WWSA: What Would Socrates Ask?

by Jesse Lahey on September 13, 2013

I believe the world would be a better place if leaders considered “what would Jesus do?” (popularly referred to as WWJD). However, I also think it would make a huge difference if leaders considered “what would Socrates ask?” (WWSA).

WWSA: What Would Socrates Ask? Photo courtesy of Fotolia (47258409 anastasios71).

In contrast to other leaders and teachers of his day, Socrates didn’t use rhetoric to persuade people. Instead, he asked questions that stimulated critical thinking and encouraged people to reach a conclusion for themselves.

Admittedly, it is easier to simply explain facts. The Socratic Method requires patience and creativity. But in the long run, it saves time by engaging people more fully.

What Would Hostess Helen Do?

In Europe, there is a company that runs a chain of dance halls. At most halls, the nightly attendance is more than 1,000 senior citizens. The staff at each hall includes a manager, hostess, and others. Not long ago, the company tried to figure out why some of their dance halls were much more profitable than others.

What do you think caused the difference in profitability? My first guess was location, but many halls in undesirable areas were still profitable. My second guess was the manager, but the company found that switching managers between halls was not the key. After experimenting, the company was surprised to learn that the magic ingredient was the hostess. If a hostess (let’s call her Helen) was reassigned from profitable Hall A to unprofitable Hall B, then attendance at Hall B would steadily increase until it became profitable. Meanwhile, attendance at Hall A would drop.

What did the profitable hostesses like Helen do that was so different? It wasn’t what Helen did, it was what she believed her role to be.

Was Helen a success because she saw her role as Greeter?  No, every hostess greeted each guest. Did she see herself as Matchmaker? Not feasible; there were too many people for one person to play Cupid. Did she see herself as Party Coordinator, remembering guests’ names and making sure they all enjoyed themselves? Again, no; there were simply too many guests to do that well.

Instead, Helen saw her role as Talent Scout. Every night she played Simon Cowell (except kinder and gentler) by watching for better dancers. Then she recruited those golden idols as volunteer teachers of a weekly dance class. Honored to be chosen, they became very engaged in the hall’s activities, as did their students. The hall became more than just a social venue; it became a place to learn and contribute.

Did you notice the questions I asked while telling this story? That’s how I first experienced it, when I heard the story from researcher and consulting psychologist David Burnham. Working my mind to guess the answers made me highly interested. Two years later, I still remember the story’s lessons about purpose and employee engagement.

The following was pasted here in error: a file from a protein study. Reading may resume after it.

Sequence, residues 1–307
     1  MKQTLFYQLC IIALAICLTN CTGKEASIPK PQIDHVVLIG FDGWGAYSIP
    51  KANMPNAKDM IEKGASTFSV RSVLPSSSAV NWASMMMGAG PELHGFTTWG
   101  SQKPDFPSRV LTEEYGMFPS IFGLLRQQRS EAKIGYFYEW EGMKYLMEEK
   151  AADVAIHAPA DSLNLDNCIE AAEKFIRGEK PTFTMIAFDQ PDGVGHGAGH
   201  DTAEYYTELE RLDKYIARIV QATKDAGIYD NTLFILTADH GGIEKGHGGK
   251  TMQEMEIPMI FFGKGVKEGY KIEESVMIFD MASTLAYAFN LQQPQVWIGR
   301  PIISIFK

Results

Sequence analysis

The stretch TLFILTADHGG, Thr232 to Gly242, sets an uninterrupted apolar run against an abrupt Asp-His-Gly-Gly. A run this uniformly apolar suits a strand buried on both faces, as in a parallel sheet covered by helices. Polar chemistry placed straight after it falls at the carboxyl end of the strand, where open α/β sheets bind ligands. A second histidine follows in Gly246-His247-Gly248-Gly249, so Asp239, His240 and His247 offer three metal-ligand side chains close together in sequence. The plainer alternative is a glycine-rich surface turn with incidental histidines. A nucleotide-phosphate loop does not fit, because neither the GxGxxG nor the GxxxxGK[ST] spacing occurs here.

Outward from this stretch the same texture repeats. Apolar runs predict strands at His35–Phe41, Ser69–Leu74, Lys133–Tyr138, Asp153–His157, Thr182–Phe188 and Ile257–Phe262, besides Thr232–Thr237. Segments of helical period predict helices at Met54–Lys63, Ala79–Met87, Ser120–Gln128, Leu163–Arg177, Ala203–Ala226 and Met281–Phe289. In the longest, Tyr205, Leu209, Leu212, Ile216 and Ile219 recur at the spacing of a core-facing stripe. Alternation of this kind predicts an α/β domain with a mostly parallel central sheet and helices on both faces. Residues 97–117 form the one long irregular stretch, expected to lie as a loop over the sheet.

The first time I shared this story with a friend, do you think I asked those questions? No, I was in a hurry to deliver the punch line. Do you think my friend remembered the story two years later? No, he didn’t remember it even two days later.

Channel Your Inner Socrates

As a leader, how can you do more asking rather than telling? Here are four keys to help you channel your inner Socrates:

  • Let curiosity be your guide. Truly wonder what the other person thinks, knows, or believes.
  • Don’t try to manipulate people by asking leading questions. Most people are too smart for that. Rather than asking leading questions, ask learning questions.
  • If asking a question that has “right” and “wrong” answers, make it an objective question. Rather than asking about something considered subjective (“What is the meaning of life?”), ask about something objective (“What do you think the author’s conclusion was?”)
  • Be open to the possibility that you could learn something yourself. Recently, I asked a friend a question based on a book I was reading. He provided an answer that was confident and passionate – and quite different from the book’s information. I discussed his thinking with an open mind, to understand his perspective and see what I could learn. I was fully prepared to skip my original point, but he eventually asked how his response compared with the book’s answer – and by that point, he was curious and open-minded himself.

Asking rather than telling takes patience and creativity – and some practice. But what good does it do to tell people something if they don’t believe or remember it?

Have there been moments in your work or personal life when asking a question helped you have greater influence? Share your story in the comments section!

Quick note: Asking “learning questions” is one of the 8 communication tools for leaders discussed in my my free e-book. Check it out for other powerful ways to cultivate brilliant ideas and results in your team.

Jesse Lahey, SPHR, is the host of the Engaging Leader podcast and managing principal of Aspendale Communications. Connect with him on TwitterFacebook, or LinkedIn. If you know anyone who would benefit from this information, please share it!

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